Juneau Business High School. Also available during that two-year period was another homologation special for the up-and-coming sport of Trans-American sedan racing. John Marshall High School. In the case of the latter, there simply wasn't enough room under the hood. Hamilton High School. While power steering was a "mandatory option" on the Boss 429, neither an automatic transmission nor air conditioning were available. Divine Savior Holy Angels High School. Intentionally underrated for advantages both in racing as well as insurability at 375 hp (280 kW) and 450 ft·lbf (610 N·m) of torque even with racing touches straight from the factory such as aluminum heads with hemispherical combustion chambers and a combination of O-rings and seals in place of head gaskets, it was believed that yet another 75 to 100 hp (50 to 75 kW) was on tap once the single four-barrel carburetor and intake, restrictive factory exhaust system and engine speed governor were replaced or removed.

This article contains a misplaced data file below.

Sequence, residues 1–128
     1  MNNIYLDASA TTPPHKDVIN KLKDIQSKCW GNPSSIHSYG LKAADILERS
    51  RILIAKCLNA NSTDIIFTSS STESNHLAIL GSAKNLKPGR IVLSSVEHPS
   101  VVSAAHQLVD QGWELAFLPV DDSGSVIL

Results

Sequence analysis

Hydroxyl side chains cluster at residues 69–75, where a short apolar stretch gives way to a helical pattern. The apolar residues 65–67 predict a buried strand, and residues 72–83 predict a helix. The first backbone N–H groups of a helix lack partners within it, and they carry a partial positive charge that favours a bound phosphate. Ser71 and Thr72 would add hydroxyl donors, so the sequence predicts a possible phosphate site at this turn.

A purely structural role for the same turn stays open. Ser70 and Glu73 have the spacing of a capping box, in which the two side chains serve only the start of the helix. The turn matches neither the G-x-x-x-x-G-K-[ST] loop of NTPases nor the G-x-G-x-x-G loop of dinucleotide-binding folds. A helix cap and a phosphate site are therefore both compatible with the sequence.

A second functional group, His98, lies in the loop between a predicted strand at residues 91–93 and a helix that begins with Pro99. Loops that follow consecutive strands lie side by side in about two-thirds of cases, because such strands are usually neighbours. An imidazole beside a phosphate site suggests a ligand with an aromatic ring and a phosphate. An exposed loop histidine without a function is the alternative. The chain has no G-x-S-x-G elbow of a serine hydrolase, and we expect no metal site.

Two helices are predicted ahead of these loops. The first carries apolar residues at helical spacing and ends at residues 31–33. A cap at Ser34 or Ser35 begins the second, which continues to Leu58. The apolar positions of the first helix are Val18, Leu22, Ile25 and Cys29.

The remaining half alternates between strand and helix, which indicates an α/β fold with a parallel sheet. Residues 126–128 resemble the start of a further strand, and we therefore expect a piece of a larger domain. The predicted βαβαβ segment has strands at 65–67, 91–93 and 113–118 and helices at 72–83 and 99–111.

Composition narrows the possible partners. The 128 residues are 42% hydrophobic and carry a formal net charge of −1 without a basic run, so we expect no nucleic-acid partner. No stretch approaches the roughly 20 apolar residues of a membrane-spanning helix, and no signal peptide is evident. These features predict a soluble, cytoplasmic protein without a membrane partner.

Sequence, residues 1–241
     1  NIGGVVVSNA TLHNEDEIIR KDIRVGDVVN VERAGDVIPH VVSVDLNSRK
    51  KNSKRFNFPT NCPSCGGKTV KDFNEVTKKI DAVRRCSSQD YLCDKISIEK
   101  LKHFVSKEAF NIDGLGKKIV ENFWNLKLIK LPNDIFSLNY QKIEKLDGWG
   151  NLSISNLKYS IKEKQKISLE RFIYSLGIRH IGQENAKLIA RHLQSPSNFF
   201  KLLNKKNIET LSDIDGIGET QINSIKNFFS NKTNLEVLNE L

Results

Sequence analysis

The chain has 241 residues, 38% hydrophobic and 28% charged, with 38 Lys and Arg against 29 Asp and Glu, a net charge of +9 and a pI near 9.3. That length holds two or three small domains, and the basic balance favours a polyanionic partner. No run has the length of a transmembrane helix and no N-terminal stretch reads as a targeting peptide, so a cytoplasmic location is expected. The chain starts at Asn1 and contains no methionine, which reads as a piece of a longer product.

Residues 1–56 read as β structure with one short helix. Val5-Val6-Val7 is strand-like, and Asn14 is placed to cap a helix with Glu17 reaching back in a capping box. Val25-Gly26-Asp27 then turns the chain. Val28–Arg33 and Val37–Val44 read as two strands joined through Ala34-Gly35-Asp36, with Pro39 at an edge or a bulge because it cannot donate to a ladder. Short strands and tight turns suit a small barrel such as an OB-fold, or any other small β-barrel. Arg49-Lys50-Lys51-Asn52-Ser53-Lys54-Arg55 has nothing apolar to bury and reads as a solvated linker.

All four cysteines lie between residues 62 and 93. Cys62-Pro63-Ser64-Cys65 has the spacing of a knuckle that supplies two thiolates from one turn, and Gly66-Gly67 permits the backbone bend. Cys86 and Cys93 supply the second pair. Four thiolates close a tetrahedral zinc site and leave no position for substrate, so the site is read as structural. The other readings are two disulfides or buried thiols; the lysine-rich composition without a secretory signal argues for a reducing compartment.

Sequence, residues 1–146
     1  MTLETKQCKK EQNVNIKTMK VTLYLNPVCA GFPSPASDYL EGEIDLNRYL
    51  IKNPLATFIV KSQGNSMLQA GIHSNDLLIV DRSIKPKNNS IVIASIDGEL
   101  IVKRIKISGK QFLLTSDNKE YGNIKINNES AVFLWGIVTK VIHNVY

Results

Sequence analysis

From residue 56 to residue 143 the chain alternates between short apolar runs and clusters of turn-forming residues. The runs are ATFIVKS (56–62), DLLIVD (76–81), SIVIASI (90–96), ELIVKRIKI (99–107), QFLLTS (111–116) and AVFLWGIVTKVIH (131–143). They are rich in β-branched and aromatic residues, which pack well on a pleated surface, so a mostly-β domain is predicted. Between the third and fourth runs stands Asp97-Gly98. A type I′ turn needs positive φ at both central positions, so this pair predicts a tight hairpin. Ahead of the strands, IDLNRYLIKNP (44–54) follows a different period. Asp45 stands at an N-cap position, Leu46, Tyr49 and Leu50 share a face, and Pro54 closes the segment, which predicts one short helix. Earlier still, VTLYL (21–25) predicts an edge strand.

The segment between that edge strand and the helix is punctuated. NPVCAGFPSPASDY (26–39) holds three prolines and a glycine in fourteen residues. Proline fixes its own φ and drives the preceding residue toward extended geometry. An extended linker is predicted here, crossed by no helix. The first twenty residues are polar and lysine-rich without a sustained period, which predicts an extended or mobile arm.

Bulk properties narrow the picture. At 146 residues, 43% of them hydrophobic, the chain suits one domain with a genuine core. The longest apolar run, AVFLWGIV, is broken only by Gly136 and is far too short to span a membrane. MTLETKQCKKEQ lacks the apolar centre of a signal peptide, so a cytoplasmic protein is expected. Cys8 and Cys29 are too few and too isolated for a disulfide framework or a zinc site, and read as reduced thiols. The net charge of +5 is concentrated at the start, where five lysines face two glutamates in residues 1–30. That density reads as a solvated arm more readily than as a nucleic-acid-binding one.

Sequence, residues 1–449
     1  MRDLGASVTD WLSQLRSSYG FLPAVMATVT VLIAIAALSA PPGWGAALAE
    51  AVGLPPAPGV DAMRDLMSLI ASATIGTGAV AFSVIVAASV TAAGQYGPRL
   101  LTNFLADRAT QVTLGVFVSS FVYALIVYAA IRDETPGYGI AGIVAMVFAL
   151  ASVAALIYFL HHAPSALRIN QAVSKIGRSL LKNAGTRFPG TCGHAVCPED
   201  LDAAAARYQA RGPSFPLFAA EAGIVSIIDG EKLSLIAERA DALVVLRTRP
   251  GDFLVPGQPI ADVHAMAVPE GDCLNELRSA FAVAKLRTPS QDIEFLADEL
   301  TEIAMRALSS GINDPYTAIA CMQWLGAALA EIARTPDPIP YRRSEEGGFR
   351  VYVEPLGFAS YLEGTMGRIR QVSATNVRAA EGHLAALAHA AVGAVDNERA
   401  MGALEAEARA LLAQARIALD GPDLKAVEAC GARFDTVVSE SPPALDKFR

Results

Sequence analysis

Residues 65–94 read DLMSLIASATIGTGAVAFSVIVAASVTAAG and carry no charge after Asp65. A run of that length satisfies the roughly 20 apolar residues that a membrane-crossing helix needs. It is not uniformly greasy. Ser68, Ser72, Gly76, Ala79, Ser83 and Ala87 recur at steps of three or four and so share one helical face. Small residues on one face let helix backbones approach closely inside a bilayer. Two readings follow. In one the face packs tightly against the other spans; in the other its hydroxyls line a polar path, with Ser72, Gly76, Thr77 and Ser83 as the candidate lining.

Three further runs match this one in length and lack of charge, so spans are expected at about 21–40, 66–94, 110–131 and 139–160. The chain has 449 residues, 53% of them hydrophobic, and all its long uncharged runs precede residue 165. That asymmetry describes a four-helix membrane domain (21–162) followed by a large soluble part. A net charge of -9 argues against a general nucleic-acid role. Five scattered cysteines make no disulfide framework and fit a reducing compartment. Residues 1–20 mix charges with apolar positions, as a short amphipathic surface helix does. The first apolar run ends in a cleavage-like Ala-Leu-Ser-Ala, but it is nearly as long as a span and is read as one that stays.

Custer High School. Only a hood scoop, 15 in (380 mm) "Magnum 500" wheels with Goodyear "Polyglas" tires and a small "BOSS 429" decal on each front fender hinted that the largest and, in racing trim, most powerful Ford V8 of all time was fitted under the hood. Bradley (Lynde & Harry) Technology & Trade High School. Available in 1969 and 1970 only, and looking like a standard Mustang SportsRoof (the new corporate name for the fastback) with the new Mach 1 musclecar version's deluxe interior, the Boss 429 sported none of the garish decals and paint schemes of the day. Bay View High School. 1969 saw the introduction of both the car's third body style and a hand-built muscle car intended solely to satisfy the homologation rules of NASCAR, the Boss 429. Wisconsin Lutheran College. A drag racer for the street bowed during the middle of the 1968 model year as the 428 Cobra Jet (7.0 L), underrated at 335 hp (250 kW) but produced 410 hp (305 kW).